UF expert answers questions about COVID-19, food safety and summertime grilling

If you grill out this summer, you might wonder how to factor COVID-19 precautions into your outdoor cooking.

While COVID-19 is not a foodborne illness — meaning, there’s no evidence at this time that you can get it from consuming improperly cooked food — good hand hygiene and other practices can help prevent the spread of coronavirus and other pathogens that are foodborne, says a University of Florida food safety expert.

“Regular handwashing and sanitizing surfaces are key for getting rid of germs that might make you sick, and that include coronavirus and common foodborne pathogens, like norovirus, E. coli or Salmonella,” said Keith Schneider, a professor of food science and human nutrition at UF/IFAS.

“You might have a good system for keeping food safe when you’re cooking at home. But when it comes to preparing and eating food outdoors, there are other risks and more considerations to take,” Schneider said.

To prevent food poisoning the next time you fire up the grill, Schneider answers some common food safety questions.

Is hand sanitizer just as good as washing your hands?

“Using hand sanitizer or washing your hands with soap and water will reduce the risk of contaminating food,” Schneider said. “If you don’t have access to soap and water when you’re cooking outdoors, hand sanitizer is a good choice.”

Is it okay to store raw meat in the same cooler as the potato salad?

“The number one likely cause of foodborne illness at a barbeque is contact between raw meats and ready to eat foods, such as a potato salad,” Schneider said. “That’s why it’s important to keep those things separate and prevent cross contamination. Storing raw meat in a separate cooler is one way to do that.”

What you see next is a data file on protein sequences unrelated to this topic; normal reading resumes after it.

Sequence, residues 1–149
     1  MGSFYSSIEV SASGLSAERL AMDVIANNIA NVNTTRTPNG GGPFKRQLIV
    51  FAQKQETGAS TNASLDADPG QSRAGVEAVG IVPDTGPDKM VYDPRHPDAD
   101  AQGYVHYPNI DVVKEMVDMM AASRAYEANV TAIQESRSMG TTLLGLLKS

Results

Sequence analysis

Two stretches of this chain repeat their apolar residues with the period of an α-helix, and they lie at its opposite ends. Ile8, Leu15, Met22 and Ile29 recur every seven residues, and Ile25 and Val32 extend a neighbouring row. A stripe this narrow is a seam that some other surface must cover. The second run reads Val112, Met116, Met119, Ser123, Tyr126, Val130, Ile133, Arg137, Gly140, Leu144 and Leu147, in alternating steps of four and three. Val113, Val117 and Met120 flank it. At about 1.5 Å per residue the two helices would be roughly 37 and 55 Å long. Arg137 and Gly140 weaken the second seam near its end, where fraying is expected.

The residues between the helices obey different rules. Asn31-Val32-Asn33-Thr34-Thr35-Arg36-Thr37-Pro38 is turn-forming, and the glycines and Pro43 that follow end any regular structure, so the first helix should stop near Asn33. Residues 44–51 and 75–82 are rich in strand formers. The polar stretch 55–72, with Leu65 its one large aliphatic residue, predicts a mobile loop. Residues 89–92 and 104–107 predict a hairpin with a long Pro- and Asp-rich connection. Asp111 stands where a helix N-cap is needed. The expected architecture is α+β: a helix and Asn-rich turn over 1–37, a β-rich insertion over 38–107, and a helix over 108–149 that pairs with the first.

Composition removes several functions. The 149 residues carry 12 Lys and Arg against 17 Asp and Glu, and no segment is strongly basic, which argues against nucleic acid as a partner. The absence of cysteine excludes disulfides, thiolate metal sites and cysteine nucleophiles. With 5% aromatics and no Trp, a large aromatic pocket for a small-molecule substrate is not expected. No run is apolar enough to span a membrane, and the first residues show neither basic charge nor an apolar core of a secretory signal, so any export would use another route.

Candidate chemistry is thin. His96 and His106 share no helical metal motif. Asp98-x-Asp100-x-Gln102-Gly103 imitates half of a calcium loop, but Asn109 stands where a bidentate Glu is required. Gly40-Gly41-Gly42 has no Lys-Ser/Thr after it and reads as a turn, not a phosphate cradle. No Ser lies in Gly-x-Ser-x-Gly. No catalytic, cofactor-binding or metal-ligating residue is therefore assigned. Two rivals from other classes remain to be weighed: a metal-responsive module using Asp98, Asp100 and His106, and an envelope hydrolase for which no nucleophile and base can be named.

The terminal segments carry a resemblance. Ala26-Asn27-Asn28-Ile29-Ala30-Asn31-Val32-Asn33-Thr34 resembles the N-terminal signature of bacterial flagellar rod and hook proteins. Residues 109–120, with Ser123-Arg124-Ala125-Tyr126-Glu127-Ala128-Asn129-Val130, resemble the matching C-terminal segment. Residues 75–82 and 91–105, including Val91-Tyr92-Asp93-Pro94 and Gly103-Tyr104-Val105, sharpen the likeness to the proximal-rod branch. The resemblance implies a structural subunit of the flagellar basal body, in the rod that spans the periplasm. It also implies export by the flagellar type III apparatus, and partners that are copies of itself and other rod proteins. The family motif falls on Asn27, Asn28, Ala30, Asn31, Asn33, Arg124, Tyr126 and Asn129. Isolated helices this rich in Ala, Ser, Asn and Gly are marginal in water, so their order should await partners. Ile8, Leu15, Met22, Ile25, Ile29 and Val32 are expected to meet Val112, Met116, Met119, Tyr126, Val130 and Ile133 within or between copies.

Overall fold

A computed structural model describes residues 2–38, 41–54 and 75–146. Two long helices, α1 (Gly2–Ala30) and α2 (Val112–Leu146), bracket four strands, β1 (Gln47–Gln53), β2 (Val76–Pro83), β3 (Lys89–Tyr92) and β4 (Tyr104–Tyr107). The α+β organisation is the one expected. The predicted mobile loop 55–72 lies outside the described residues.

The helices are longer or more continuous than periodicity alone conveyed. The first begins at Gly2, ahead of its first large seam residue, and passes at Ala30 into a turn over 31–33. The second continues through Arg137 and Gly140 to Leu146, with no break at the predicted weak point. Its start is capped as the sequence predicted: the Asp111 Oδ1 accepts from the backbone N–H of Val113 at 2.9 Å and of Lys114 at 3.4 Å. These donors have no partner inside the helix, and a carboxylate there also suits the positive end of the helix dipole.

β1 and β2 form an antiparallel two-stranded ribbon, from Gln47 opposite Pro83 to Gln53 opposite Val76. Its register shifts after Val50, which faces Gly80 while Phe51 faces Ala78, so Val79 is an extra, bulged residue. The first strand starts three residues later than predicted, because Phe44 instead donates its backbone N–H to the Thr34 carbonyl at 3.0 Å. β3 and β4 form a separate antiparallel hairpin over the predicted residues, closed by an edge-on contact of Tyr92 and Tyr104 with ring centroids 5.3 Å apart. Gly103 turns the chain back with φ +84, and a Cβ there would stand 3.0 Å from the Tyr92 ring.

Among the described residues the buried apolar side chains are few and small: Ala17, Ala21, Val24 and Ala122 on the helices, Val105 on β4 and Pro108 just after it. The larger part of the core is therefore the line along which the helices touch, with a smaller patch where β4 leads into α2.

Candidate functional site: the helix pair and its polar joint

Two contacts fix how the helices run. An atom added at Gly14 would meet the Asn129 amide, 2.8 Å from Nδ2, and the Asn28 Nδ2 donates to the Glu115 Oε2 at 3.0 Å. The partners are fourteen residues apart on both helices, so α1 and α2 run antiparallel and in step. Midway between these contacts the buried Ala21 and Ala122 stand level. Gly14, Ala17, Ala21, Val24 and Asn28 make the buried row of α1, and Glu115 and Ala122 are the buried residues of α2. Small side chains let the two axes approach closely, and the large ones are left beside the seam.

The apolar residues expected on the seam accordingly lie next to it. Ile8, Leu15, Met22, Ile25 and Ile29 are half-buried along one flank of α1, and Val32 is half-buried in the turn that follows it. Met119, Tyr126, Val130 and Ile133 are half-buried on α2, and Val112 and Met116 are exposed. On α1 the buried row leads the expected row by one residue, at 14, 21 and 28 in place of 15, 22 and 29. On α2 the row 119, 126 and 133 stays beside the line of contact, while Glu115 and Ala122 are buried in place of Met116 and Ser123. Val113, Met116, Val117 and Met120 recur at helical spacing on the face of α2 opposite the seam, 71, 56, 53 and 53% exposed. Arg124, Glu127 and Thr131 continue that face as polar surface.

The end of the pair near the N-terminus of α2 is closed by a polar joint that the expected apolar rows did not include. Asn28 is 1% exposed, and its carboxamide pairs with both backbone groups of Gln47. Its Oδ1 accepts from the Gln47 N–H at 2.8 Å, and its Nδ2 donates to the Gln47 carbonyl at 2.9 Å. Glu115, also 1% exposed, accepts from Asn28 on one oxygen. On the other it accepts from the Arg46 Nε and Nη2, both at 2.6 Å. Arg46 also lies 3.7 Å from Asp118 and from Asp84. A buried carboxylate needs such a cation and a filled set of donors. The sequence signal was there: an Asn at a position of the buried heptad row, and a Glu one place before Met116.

Speaking of that potato salad, is mayonnaise what makes it go bad?

“Actually, bacteria don’t grow very well in mayonnaise on its own. But when you introduce other things to that mayo, such as potatoes, eggs or macaroni, you’re adding water to the mix, making the mayo less acidic and creating a better environment for bacteria,” Schneider said.

This is why it’s important to keep foods made with mayo cold because the lower temperature prevents the growth of germs, he said.

I dropped a burger bun on the ground, but I picked it up right away. Five second rule, right?

“There is no such thing as the five second rule,” Schneider said. “As soon as food comes in contact with germs, it’s contaminated. At that point, it’s best to use a new bun.”

Is this chicken done?

“When it comes to poultry, you can’t go by color. Instead, use a meat thermometer to confirm that the thickest part of the chicken has reached 165 degrees Fahrenheit. That’s the temperature at which harmful germs are killed,” Schneider said.

Are those communal charcoal grills at parks and beaches safe to use?

“Generally, yes — that’s because those grills will get very hot. If you preheat them, that will kill any germs that were present,” Schneider said. “Still, cleaning them is a good idea, not necessarily for safety, but who wants week-old charred cheese on their freshly cooked burger?”

Do I need to use different tongs or spatulas for cooked and uncooked meat?

“This is another common mistake: using the same tongs or spatula for raw and cooked meat. This just contaminates cooked meat with germs that were on the uncooked meat,” Schneider said. “However, washing those tools after they contact raw meat might not be practical when you’re cooking outdoors. Instead, just bring two sets to your barbeque — one for raw meat, one for cooked.”

How long can I leave the leftovers out?

“The general recommendation is to refrigerate leftovers within two hours. However, if it’s a hot day and food is left out outside, that window shrinks to about an hour,” Schneider said.


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Posted: June 25, 2020

Category: Food Safety, SFYL Hot Topic, UF/IFAS Extension
Tags: Food Science And Human Nutrition, Keith Schneider, News

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